Instead of simply talking about how the my Johnny Depp Song came about, I thought I would start with sharing a bit of how the song-writing process works for me. Every songwriter has a different take on how to create, but at the end of the day, it’s the journey the artist goes through that really counts. Sometimes a song may develop through a lyric idea or an isolated thing that you see or hear, even a single word or title idea can spark the beginning of a song. Who knows, maybe Paul McCartney heard someone say “Hey, Jude!” and instantly thought of a song title. Other writers find a particular chord progression or a simple riff that sets them off. Keith Richards for example, woke up one night with the main guitar part of “Satisfaction” in his head and he was off and running to write this classic Rolling Stones song.
For me, songwriting is all about telling stories that when the listener hears it, the song means something to them. That’s why it usually starts with trying to tell a story that means something to me. In the case of the Johnny Depp Song, I had been watching an interview with director Wes Craven, who while discussing his movie A Nightmare on Elm Street, said it wasn’t until after Johnny Depp auditioned that his daughter saw the actor’s head shot and thought he was perfect for the role. As an artist who has spent a lot of time in Hollywood as a musician and actress (and dealing with LOTS of rejection), I found it very funny that it was the picture that was so important.
I’m very influenced by writers like Warren Zevon and Joan Didion who can look at a subject and always find a unique, funny way of bringing it to light. So, having spent my time in the trenches of Hollywood, (and hopefully channeling my best Zevon and Didion), the Johnny Depp Song came about as a tongue in cheek point of view on the whole ‘Hollywood thing’. Hopefully this article helps clarify some of the questions I have been receiving about the process I went through when writing my Johnny Depp song.
My favorite thing about great songwriters is that they can tell an entire story in a few minutes and it’s all set to music. That is so cool. It’s hard not to want to know when you hear a great story in a song, what the writer was writing about. And it’s easy to ask, ‘wow, I wonder who this song is about’ or ‘do you think that this really happened’? For me, I have always been interested in all the life that’s going on around me. It draws me in, but not just how people interact and their stories intermingle. The way each day ends, the changing of the seasons, the quiet and coolness of the autumn night air. These kinds of things inspire songwriting and every art form. It’s these circumstances that somehow come together and make me, as a writer, want to capture them in a story and put music to it.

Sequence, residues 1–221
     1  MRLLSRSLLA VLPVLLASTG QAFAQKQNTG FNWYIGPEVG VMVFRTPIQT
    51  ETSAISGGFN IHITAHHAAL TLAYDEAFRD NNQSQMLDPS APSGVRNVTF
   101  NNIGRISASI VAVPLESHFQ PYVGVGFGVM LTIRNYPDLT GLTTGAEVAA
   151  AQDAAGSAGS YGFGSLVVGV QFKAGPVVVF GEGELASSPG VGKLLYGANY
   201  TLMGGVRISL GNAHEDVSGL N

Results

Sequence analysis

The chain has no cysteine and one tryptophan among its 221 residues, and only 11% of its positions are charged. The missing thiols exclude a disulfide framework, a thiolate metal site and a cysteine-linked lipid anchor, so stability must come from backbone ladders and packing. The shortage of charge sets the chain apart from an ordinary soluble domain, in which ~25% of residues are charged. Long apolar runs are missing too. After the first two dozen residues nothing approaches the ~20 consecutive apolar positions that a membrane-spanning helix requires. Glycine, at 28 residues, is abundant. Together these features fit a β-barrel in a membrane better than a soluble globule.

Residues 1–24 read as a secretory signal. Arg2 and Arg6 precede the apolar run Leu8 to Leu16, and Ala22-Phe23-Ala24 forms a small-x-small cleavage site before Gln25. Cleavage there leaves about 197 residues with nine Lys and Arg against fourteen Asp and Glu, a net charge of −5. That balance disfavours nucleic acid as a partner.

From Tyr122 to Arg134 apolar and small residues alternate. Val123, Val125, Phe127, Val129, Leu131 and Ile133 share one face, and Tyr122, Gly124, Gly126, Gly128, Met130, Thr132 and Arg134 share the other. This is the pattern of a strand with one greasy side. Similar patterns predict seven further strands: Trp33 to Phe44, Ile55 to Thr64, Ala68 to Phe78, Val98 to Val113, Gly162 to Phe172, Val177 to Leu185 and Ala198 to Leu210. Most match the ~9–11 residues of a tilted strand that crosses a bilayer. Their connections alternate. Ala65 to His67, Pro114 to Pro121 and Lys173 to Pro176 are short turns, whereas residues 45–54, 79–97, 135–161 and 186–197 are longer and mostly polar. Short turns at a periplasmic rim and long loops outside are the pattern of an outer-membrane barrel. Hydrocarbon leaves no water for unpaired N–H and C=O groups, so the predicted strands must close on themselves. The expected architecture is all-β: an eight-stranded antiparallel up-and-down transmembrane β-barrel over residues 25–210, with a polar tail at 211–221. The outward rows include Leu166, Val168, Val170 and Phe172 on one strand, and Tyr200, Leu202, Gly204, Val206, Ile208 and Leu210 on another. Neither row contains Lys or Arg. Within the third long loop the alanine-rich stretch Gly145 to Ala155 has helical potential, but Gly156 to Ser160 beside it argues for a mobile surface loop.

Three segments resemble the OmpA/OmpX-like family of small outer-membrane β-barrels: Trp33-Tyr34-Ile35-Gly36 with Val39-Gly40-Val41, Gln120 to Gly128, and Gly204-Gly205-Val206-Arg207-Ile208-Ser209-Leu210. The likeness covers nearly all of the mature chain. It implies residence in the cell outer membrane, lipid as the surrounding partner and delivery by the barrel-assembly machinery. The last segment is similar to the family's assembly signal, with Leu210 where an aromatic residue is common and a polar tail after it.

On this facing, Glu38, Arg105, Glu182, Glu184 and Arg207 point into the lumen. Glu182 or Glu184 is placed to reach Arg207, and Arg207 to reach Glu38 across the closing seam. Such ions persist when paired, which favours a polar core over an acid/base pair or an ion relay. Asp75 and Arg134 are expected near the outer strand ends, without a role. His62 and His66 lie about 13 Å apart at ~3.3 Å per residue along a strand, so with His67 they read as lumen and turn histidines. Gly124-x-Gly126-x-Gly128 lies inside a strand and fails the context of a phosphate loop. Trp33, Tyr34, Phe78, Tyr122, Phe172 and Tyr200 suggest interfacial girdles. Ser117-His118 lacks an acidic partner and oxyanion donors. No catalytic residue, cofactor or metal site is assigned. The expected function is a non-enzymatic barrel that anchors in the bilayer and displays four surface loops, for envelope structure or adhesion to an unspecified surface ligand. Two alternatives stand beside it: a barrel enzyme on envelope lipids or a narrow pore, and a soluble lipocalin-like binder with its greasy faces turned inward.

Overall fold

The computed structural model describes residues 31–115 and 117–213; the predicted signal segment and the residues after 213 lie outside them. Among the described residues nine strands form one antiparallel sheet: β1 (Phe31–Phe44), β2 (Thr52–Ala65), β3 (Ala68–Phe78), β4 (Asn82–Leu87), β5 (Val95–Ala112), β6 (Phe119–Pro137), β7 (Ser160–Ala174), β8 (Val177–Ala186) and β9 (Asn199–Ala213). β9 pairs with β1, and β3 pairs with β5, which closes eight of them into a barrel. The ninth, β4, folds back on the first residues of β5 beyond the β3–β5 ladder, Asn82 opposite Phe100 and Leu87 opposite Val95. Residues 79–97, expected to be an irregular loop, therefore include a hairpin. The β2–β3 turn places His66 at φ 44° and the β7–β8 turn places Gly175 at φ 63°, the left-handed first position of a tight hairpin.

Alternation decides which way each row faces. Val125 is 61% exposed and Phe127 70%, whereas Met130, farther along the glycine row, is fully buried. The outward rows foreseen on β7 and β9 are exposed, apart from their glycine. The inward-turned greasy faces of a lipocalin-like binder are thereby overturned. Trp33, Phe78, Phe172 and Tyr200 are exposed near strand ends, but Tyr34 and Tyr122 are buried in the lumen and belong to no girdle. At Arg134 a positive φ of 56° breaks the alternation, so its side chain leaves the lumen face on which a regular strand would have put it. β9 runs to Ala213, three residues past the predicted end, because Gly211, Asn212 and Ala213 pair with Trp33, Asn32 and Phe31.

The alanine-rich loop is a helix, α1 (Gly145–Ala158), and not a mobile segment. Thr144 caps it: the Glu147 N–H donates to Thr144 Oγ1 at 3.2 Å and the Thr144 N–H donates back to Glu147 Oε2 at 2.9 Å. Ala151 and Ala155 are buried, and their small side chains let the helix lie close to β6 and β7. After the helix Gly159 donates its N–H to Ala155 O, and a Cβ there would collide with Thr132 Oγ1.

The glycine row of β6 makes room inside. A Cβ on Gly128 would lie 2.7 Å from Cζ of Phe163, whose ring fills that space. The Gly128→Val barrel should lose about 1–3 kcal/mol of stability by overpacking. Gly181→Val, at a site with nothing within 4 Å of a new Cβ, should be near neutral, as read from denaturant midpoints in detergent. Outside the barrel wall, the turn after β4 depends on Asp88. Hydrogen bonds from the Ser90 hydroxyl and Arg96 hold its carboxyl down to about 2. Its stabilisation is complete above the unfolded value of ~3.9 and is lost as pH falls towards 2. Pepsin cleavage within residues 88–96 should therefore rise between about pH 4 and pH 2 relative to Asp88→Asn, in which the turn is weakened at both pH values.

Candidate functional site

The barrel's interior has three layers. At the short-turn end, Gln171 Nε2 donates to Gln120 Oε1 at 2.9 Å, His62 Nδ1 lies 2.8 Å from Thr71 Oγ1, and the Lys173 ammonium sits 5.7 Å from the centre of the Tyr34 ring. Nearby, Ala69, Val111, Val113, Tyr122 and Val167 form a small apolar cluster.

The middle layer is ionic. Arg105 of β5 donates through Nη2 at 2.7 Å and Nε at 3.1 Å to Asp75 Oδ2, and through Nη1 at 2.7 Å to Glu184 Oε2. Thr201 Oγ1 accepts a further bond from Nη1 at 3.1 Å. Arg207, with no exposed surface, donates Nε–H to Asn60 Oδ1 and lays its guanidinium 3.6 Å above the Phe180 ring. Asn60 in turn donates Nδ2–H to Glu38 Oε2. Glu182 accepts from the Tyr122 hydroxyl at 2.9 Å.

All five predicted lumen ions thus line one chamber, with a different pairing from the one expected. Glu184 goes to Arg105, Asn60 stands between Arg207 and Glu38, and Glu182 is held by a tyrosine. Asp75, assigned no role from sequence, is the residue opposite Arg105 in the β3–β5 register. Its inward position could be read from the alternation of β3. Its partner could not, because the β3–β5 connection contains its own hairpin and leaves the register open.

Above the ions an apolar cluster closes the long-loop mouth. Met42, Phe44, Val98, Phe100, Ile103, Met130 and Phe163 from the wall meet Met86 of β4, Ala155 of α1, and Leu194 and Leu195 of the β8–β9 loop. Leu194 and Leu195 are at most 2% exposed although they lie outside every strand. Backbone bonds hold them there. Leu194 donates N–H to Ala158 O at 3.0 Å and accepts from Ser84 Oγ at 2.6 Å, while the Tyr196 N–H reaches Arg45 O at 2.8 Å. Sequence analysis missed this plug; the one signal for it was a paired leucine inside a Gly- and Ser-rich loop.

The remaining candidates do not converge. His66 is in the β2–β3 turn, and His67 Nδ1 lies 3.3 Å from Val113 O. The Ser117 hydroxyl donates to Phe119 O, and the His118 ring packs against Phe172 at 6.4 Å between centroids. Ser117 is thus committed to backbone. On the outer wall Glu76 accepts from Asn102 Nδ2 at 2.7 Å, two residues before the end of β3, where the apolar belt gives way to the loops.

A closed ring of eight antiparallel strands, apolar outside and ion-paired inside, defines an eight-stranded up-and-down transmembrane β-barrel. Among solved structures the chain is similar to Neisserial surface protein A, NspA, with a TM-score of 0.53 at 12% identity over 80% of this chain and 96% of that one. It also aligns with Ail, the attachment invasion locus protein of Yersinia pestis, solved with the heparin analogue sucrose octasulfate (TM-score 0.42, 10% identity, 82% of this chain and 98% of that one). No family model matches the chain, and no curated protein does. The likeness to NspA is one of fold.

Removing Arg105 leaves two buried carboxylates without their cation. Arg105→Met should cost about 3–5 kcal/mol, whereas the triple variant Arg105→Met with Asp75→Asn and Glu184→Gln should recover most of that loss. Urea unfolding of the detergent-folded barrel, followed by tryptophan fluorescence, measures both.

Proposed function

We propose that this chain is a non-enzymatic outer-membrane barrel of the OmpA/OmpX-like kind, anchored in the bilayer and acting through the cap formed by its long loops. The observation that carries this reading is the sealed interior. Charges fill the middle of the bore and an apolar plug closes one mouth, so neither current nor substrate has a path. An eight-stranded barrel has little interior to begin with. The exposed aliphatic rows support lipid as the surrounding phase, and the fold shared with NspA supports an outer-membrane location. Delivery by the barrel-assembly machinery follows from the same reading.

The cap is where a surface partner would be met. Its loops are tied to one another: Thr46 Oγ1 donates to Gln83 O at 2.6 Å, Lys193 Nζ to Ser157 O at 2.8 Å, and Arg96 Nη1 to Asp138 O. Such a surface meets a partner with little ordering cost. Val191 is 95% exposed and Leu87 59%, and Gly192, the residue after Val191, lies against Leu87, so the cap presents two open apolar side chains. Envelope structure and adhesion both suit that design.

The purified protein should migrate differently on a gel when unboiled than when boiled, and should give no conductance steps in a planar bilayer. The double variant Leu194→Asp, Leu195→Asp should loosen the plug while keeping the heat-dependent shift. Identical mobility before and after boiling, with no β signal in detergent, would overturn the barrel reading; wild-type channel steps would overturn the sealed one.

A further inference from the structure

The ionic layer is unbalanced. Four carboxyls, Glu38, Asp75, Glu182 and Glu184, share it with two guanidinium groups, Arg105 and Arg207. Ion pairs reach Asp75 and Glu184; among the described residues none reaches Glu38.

No matter how many times I’ve seen them, it always amazes me when I see the work of artists like Van Gogh, Monet, Picasso and Rodin because they have this amazing ability to look at an object, person or even the wind and capture it in a totally different way, yet still manage to keep the essence of the life that’s in it. Amazing. I’m not a painter or sculptor, but I guess that’s what I try to do when I’m writing a song. If you get a chance, let me know your thoughts on how you create.
Music has always gone through its fads and phases and it seems for quite a while now that we have been going through a period of big budget, heavily produced music. With all the contest shows and ‘high concept’ music out there, you might think that the classic Americana Band has seen its day. If there’s one thing I’ve learned though, it’s that musical fads may come and go, but like Shakespeare says, ‘the play’s the thing’. The wonderful thing about music that comes from a good story concept, with thoughtful lyrics and great melody is that it will always transcend the most recent trends.
I am very happy to say that with the current group of great musicians, the americana and roots rock band tradition is alive and well and thriving in America today. Artists like Lucinda Williams, Allison Krause and Ryan Adams, who continue to have great success both in music sales and touring, are helping to give many other americana artists hope and inspire us to write more songs that tell a great story. Every time I hear a new song that has a great melody and strong lyrics, it makes me want to sit down and write, so that I can do my own small part in continuing this incredible tradition of the Americana Band. It’s my hope that if you are a songwriter/musician, you will be inspired as well and add your voice to all of the americana artists who have brought us this amazing, inspiring music.